How to proceed if you want to take some of the projects I have on offer
Over the last years I have been fortunate to get more people wanting to take my projects than I have time to supervise. The down-side of this is that I have had to say no to some of the students that wanted my projects. This is obviously unfortunate, so to
make sure that I let the most interested students get the projects they crave for, I have started using this procedure:
Step 1: You find projects your are interested in...
Step 2: Required background...
- Look at the overall list of projects on offer, and in particular on the updated list of the projects I have available. I am also happy to supervise projects that you come up with yourself -- Be creative!
- Many of the topics I have on offer are also suitable for groups of two students working together. Working together may be more fun and a better experience than going alone: Not only is it motivating to work with someone, but it will probably make a better report, and give you time to get to the interesting parts of a topic. (You may end up spending most of your time on exploring the state-of-the-art if you work alone, whereas two students working together probably will get more time to build cool systems.) So, why not discuss the possible projects with some of your friends, and try to team up with someone?
I am expecting students applying for any of my projects to have an interest in the same types of models and techniques that I like to work with. The best way to assure this to be true is if you have followed one or more of the courses where I am involved:
Finally, I like math. I am not requiring you to do so, too, but I have come to realize that a student who enjoys working with formal methods tend to have a better time under my supervision than a student who doesn't.
So, if you are looking for a "coding-only"-project and aren't really that bothered about why whatever you implement is reasonable and sound, then I'd recommend that you look at proposals from other supervisors than me.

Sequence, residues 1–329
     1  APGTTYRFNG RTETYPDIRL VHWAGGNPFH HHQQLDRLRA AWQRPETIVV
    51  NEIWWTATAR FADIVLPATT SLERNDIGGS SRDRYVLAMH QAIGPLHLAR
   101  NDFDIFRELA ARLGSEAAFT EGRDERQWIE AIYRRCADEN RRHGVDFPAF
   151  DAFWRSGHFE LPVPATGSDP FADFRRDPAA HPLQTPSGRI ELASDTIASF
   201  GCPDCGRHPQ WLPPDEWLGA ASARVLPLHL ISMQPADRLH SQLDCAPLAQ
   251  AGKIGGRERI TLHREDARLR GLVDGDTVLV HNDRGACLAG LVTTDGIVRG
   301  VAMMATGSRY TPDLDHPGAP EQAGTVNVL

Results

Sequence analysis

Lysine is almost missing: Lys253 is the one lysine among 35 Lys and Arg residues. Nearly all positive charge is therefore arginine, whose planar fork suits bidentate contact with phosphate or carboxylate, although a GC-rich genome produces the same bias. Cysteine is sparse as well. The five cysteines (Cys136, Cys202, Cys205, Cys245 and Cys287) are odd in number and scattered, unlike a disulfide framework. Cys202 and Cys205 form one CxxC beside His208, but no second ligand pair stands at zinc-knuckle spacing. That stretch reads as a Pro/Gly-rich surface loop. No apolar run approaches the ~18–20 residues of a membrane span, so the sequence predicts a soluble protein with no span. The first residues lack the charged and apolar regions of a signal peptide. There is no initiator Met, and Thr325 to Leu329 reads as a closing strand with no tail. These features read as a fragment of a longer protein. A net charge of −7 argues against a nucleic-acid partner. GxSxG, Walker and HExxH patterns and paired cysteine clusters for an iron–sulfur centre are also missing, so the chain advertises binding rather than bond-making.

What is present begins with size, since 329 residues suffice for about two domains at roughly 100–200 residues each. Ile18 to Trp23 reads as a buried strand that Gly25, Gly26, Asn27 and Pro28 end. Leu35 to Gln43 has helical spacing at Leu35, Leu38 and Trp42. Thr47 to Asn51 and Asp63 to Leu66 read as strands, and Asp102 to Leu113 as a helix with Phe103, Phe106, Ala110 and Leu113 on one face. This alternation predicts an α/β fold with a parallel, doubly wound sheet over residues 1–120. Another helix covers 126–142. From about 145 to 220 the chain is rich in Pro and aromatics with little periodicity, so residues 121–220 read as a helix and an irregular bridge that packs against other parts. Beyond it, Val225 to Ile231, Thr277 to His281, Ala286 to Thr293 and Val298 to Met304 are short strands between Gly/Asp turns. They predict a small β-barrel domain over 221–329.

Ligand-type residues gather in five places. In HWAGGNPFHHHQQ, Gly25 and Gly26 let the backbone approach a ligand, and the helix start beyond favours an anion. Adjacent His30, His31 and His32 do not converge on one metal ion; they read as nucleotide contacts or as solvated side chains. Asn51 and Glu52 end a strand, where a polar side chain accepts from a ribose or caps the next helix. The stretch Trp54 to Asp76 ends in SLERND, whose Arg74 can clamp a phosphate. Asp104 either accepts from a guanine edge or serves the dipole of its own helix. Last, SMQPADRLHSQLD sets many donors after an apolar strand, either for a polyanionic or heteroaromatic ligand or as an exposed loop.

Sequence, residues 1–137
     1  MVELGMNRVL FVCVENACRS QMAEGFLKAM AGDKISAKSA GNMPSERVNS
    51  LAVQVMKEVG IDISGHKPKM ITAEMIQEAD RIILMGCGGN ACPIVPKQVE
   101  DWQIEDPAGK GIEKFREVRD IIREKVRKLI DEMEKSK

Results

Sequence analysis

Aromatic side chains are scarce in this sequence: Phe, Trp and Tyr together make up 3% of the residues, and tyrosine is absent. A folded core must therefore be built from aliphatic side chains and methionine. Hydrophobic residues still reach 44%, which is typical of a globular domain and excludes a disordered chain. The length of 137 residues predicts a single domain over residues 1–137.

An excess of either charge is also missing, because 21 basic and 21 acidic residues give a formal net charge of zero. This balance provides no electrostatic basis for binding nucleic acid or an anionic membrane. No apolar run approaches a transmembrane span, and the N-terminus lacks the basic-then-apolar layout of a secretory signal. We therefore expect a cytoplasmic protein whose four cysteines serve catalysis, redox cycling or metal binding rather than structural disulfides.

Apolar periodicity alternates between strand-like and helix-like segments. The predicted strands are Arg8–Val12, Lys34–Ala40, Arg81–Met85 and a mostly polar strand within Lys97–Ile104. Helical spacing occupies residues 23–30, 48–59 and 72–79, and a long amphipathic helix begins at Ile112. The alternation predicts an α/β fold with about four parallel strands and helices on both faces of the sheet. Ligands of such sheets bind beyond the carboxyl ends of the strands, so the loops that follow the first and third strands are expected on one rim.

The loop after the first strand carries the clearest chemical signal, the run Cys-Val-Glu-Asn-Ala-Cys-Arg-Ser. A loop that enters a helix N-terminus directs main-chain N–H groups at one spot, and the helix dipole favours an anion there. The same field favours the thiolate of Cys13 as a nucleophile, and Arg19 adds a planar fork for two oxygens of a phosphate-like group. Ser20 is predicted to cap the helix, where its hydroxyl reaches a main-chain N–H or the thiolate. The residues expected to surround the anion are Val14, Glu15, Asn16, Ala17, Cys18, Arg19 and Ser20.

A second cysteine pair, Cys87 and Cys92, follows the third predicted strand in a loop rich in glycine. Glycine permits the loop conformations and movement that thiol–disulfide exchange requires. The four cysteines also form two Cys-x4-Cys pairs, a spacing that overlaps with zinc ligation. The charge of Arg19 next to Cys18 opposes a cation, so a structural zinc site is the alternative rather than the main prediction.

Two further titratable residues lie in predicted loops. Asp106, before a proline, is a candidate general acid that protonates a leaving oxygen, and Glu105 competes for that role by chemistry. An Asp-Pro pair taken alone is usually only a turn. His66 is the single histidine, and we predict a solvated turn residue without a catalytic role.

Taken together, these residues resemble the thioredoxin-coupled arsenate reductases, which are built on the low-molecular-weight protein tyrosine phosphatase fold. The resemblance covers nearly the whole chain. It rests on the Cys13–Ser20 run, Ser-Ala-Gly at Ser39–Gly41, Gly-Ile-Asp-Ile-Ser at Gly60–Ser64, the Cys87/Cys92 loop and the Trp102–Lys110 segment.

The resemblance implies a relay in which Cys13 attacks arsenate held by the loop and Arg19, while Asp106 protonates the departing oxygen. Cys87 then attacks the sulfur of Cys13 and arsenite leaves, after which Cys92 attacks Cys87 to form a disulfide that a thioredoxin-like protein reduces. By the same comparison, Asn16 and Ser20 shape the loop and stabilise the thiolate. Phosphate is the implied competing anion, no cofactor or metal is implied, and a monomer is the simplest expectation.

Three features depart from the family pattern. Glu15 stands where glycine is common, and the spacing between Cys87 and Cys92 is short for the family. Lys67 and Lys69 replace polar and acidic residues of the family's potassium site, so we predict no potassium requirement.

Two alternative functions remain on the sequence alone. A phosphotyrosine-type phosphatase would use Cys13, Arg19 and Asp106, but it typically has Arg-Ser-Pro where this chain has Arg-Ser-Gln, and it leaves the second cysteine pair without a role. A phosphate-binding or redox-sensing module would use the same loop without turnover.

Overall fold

- The main thing is that you are an AI student, and have have taken (and preferably liked) the basic AI courses - like "TDT4171 Artificial Intelligence Methods" and similar. If you are not an AI student, and haven't taken the standard batch of AI courses, you can still do most of my projects, but it will be harder work (as you will have to put yourself through some stuff to get up to speed).
- Many of the projects involves implementing a demo-system, so "IT3105: AI Programming" may give you an idea of what you should expect.
- If you have taken "TDT4173 Machine Learning and CBR" it may be beneficial for you later on, in particular if your project involves learning from data (surprise!). If you haven't taken it, do not despair, as I am sure you'll be able to learn the required techniques if you are willing to put in the extra effort.
Step 3: We need to talk...
I want to have a talk with you before I sign up to be your supervisor (email me first so we can agree on a time to meet). The purpose of the talk is to discuss the projects you are considering, why you are interested, and what can come out of these projects.
Note! If you request to take one of my projects but don't stop by for a talk, I will probably not take you on.
If you cannot come in person (e.g., if you are an exchange-student doing the fourth year abroad), then send me an email and let me know why you have an interest in a specific project, and we take it from there.
So... I hope you are still interested in some of my projects. If so please contact me (email: helge.langseth@ntnu...) so we can discuss the opportunities.
To benefit all students I want to tell you guys who I am able to take on and who I am not before the summer holidays. This means that the sooner we can talk, the better! I will fill my available slots by July 1st, and will not be able to accept students after that, so why not get in touch as soon as possible?
See you around!